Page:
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The Spectator Podcast: Tech vs Trump

12 October 2017

1:03 PM

12 October 2017

1:03 PM

On this week’s episode, we discuss Trump versus technology, the ‘new normal’ with Calamity May, and whether jargon is polluting the English language.

First up, in this week’s magazine cover piece, Niall Ferguson writes on the battle between networks and hierarchies for supremacy in a digital world. The biggest fight is between the American President and the social networks, like Facebook and Twitter, who still exist in the unregulated frontier of the Wild Wild World Wide Web. Niall joined Freddy Gray, host of the Spectator’s Americano podcast, to discuss. As Niall writes:

“It may be too big a stretch to claim that Russian Facebook ads swung the election in Trump’s favour. But it seems plausible that his campaign’s use of social media, particularly Facebook, gave it a vital edge that compensated for its financial disadvantage relative to Hillary Clinton’s campaign. On that, if on nothing else, I suspect Steve Bannon and Clinton would agree. ‘Facebook is now the largest news platform in the world,’ Clinton writes in her election postmortem. ‘With that awesome power comes great responsibility.’”


Next, after a shaky performance at Tory conference, Theresa May made an inauspicious return to the limelight yesterday as she was grilled on Brexit by Iain Dale. This floundering is the new normal for the Prime Minister, writes James Forsyth in his column this week, and he joins the podcast alongside Iain to discuss. As James writes:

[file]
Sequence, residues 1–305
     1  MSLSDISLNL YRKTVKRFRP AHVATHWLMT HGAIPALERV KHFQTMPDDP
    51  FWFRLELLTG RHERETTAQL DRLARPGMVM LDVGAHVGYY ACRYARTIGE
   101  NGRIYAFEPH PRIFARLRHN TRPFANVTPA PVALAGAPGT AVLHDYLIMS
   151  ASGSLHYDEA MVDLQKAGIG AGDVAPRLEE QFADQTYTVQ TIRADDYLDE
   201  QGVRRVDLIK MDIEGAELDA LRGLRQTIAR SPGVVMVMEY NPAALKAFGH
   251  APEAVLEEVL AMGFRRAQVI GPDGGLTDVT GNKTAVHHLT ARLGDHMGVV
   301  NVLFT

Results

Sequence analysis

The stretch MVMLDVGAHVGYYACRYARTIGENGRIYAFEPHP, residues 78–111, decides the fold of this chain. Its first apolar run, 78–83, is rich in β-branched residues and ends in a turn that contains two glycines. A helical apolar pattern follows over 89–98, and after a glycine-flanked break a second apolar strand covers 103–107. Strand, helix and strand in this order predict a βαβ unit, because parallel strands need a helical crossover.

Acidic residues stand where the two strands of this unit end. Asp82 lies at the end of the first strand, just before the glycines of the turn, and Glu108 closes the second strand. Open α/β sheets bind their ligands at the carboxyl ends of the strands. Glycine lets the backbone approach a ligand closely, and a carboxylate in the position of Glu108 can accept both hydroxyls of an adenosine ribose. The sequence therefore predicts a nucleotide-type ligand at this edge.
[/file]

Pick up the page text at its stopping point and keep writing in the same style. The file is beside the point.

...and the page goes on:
“‘Worst week ever’ is one of those phrases that journalists are, perhaps, too quick to use. Alastair Campbell once quipped that if you added up all Tony Blair’s worst weeks, you got a full year. The real worry for the Tories, however, is not that last week was Theresa May’s worst ever, but that it represented the new normal.”

And finally: PC-speak and jargon has overwhelmed the traditions of our language. So claims Claire Fox in the magazine this week, as she rails against the changes that she believes have confused the beautiful simplicity of English. But is this a fair judgment? Or is she just stuck in her ways? She joins the podcast alongside our literary editor Sam Leith, whose new book – Write to the Point – is out today. As Claire writes:

“Since the EU referendum result last June our nation has been divided: not only by the vote but also by language. If 62 per cent of Britons (many of whom undoubtedly voted for Brexit) now say Britain ‘sometimes feels like a foreign country’, it’s not anti-foreigner prejudice so much as a feeling that people in authority are speaking at them in a foreign language. Not Polish or Punjabi but PC-speak, that opaque code that connotes whether you are ‘on message’ and one of ‘our kind of people’ or one of those racist lizard-brained Leaver oiks.”


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